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Prime Minister ‘relishes’ parliamentary scrutiny of foreign aid and promises a ‘free vote’ on the future of a development committee

17 September 2020

Marking her first appearance quizzing the Prime Minister in front of the Liaison Committee yesterday, International Development Committee Chair, Sarah Champion, gained assurances that the Government is not afraid of parliamentary scrutiny of foreign aid.

Liaison Committee

During her questions in the section of the ‘Integrated Review’, Ms Champion asked three main questions: on an aid project which seems to have been cut in Rwanda on girls education; parliamentary scrutiny and the role of a development committee; and whether the Government is committed to the current legislation and definition of Official Development Assistance (ODA).

On Parliamentary scrutiny, the Prime Minister made it very clear that it is an issue for Parliament to decide the forming – and winding up – of committees. After being quizzed collectively by Ms Champion and Chair of the Liaison Committee, Bernard Jenkin, the Prime Minister promised that any changes to the committee would be subject to a ‘free vote’. A ‘free vote’ ensures MPs are not ‘whipped’ to vote with their party. The International Development Committee is proposing a dedicated ODA Committee with cross-Government remit to scrutinise development spend.

Chair's comments

Speaking after the Committee hearing, Sarah Champion MP said:

“It is incredibly welcome news to hear that the Prime Minister not only supports parliamentary scrutiny of development, but has confirmed any changes to the committee will be subject to a free vote by MPs. This puts us on a strong footing to ensure a committee scrutinising Foreign Aid remains.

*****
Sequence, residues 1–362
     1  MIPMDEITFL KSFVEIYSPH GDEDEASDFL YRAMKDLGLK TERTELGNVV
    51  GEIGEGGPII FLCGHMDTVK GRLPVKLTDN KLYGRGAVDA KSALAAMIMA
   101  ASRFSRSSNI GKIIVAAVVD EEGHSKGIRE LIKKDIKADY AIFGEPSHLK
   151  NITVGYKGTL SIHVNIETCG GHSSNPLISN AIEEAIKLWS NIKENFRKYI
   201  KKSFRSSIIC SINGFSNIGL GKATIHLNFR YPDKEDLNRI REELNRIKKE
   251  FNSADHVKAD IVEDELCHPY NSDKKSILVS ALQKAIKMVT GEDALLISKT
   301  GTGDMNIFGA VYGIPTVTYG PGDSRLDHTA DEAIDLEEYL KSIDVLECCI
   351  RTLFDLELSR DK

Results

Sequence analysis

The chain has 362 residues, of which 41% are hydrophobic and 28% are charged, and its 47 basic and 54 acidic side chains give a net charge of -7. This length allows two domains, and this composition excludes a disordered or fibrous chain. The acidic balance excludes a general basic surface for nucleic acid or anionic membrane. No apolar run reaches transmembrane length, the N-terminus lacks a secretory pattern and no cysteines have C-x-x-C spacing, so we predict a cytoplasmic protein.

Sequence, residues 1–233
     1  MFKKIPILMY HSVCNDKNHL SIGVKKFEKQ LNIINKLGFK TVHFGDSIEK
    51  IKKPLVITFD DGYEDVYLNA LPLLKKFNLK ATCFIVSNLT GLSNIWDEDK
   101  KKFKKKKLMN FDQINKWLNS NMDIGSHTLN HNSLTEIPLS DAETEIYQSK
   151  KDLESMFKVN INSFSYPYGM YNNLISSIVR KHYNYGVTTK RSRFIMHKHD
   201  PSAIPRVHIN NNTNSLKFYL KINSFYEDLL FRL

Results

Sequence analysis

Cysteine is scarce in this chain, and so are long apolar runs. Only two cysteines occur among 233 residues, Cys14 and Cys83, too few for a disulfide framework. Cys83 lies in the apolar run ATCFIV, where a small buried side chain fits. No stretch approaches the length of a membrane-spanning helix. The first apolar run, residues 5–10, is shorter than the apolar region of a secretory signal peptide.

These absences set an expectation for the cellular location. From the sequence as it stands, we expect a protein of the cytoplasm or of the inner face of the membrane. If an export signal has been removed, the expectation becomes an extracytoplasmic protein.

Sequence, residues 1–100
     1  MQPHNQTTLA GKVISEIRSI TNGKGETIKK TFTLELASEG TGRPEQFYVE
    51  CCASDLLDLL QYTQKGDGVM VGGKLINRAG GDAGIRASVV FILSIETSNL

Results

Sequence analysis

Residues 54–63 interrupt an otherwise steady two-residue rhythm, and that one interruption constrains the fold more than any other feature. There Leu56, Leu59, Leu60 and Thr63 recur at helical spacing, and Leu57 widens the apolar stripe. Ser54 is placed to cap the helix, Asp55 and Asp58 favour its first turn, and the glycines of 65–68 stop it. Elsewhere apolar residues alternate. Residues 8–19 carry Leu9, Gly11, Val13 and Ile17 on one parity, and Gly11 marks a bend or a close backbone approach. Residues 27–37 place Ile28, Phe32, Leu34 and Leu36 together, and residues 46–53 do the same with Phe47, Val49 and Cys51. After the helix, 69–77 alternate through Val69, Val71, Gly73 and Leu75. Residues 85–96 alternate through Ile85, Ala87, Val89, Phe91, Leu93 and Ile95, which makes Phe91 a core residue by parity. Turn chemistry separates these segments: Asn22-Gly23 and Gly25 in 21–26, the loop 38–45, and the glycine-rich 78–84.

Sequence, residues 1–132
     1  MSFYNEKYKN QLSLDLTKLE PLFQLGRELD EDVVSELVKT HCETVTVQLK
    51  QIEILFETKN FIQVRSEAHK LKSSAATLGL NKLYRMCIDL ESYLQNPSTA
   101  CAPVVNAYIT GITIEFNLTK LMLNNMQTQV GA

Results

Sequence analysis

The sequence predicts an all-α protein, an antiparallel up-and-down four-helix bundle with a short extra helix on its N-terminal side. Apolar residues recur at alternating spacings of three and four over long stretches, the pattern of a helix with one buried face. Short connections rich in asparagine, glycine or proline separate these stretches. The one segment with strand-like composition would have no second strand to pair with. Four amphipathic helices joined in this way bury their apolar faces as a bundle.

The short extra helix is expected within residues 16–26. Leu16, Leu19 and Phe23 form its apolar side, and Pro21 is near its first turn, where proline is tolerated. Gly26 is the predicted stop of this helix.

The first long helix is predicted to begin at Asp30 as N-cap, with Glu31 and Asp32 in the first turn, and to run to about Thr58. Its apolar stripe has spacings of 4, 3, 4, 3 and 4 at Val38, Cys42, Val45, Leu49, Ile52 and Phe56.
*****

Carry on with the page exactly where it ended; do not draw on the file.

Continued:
“It was also reassuring that the Prime Minister has promised to look at an aid programme in Rwanda which seems to have been cut in the summer as Whitehall scrabbled around to find cost savings. Given his commitment to girls education, I was astounded to find that this is the type of programme being closed down on his watch.

“However, it is absolutely imperative that we receive assurances that there will be no changes to the International Development Act and the DAC definition of ODA, which really cements our role as world-leaders in international development. I look forward to receiving the Prime Minister’s response on this issue as it is of great importance to offer stakeholders, aid workers, and beneficiaries the certainty that we continue to stand by them.”

On the girls’ education programme in Rwanda, Ms Champion had heard through the media that it was one of the first programmes to have a funding cut. Over the summer, Government departments were tasked with finding savings in their ODA budgets to meet the revised down estimate for the 0.7% of GNI spend. At the time, Ms Champion expressed her concern that Parliament was not informed and that too many life-changing projects could be cut leaving the most vulnerable people unsupported.

The Prime Minister was unable to commit, when asked, about keeping the International Development Act and the DAC definition of ODA. Ms Champion and the International Development Committee looks forward to his response in due course.

Procedure Committee

The Chair of the Procedure Committee has also supported the proposal for a cross-cutting ODA Committee from a technical point of view. The Chair has written to the International Development Committee on the implications of the DFID/FCO merger and sets out a range of options for scrutiny following the establishment of the Department for Foreign, Commonwealth and Development Office.

Image: Parliamentary Copyright